Now to the early waking - good luck with stopping that. Once the birds sing, the Basset wants UP. Mine sleeps in my room in his crate too (as does our Whippet in her's) and it can kick off early, with the longer days. I prefer to get up by 7 am but I have been known to shut him in the kitchen after being let out to empty (or not) if he starts up before 6 am, which he can. Just to get my extra hour in bed. Of late, he seems better about that. You may have to make sure you have curtains that shut out the light at least, to stop this. My Whippet only stirs when I do in the morning.


Of all the things that you are doing with this lad, it's the being shut in a crate for hours, coupled with being alone for hours too that I'd say would be a no-no for the breed especially (even if people with any breed seem to crate their dogs for way too long these days). Crates were never intended to be used like that! Sorry.

Last edited by FranksMum; 06-23-2019 at 04:00 AM. Reason: Tidying up what I originally wrote.
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Old 06-24-2019, 10:03 AM   #3 (permalink)
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in studies done there is no association bloat and time fed and exercise timing same as water.
https://www.retrievertraining.net/fo...acts-and-Myths
Quote:
Several popular theories regarding bloat were not substantiated during the
study. There was no correlation of bloat risk to exercise before or after eating, as most dogs bloated in the middle of the night with an empty, gas-filled stomach. There was also no correlation to vaccinations, to the brand of dog food consumed, or to the timing or volume of water intake before or after eating.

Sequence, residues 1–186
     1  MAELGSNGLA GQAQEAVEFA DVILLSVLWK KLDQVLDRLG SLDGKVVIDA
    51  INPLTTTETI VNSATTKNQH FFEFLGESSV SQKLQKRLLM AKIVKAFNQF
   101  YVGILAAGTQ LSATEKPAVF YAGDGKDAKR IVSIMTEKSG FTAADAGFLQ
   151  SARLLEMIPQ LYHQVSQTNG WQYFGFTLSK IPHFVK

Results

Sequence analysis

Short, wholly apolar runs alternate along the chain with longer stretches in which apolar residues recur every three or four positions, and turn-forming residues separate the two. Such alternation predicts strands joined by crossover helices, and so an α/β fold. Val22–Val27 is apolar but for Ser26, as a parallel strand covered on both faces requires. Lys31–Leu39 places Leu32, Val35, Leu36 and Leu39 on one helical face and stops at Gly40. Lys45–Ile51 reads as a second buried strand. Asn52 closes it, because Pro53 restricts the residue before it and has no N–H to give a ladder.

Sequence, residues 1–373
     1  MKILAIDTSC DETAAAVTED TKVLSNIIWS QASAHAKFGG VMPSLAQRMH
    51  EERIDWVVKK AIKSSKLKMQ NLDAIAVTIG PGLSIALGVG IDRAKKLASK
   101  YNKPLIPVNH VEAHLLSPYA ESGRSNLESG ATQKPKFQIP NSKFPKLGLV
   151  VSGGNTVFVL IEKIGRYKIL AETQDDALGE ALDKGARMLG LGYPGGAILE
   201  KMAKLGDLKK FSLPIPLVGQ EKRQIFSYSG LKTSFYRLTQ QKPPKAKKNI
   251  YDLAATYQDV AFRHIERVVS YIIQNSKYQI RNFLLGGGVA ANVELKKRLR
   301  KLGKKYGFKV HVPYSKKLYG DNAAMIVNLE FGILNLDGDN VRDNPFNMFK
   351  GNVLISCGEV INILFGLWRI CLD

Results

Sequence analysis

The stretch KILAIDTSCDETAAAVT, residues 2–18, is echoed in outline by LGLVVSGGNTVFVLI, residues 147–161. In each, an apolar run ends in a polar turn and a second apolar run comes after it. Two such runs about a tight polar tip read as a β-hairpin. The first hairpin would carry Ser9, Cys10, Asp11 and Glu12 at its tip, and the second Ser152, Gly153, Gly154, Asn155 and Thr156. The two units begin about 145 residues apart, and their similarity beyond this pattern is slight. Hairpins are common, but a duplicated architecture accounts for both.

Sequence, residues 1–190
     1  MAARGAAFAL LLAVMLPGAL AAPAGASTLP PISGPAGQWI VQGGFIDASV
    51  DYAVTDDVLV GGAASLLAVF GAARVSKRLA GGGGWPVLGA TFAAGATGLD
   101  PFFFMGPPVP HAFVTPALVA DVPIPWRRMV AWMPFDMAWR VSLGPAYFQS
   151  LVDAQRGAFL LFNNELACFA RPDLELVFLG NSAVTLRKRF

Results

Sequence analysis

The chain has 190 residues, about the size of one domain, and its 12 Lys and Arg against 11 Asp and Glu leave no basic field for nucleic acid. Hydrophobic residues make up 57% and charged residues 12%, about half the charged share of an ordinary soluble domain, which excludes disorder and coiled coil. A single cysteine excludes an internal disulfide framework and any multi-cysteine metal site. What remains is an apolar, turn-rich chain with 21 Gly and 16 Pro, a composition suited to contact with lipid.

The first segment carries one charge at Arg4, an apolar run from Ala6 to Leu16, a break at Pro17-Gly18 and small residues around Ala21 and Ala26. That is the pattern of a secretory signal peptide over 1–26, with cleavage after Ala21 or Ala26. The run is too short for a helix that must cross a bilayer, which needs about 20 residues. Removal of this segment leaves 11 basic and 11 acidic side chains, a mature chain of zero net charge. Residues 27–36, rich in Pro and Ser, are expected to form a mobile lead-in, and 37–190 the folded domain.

Quote:
he study also found that fearful, nervous, or aggressive dogs had a much
higher incidence of bloat than did dogs perceived by their owners as
having happy temperaments. Stress can also be a precipitating factor, and many
dogs bloat after recent kenneling, or a recent long car ride. A slightly higher
percentage of males than females developed bloat.
risk associated with dry food
[quote]During the past 30 years there has been a 1,500 percent increase in the
incidence of bloat, and this has coincided with the increased feeding of
dry dog foods. There is a much lower incidence of bloat in susceptible breeds
in Australia and New Zealand. Feeding practices in these countries have been
found to be less dependent on dry foods.[quote]

There are biological reason that is is actual preferable to feeding closely following exercise especially in regard to glycogen replacement. https://www.ncbi.nlm.nih.gov/pmc/articles/PMC3905295/

You have created a schedule , to change the schedule you are going to have to ignore the dog . When you do this something bad happens at first known as an extinction burst. That is when you try and change a previously rewarded behavior. i.e. get up time then behavior is going to become stronger and more obnoxious at first before it ends,. https://youarenotsosmart.com/2010/07...inction-burst/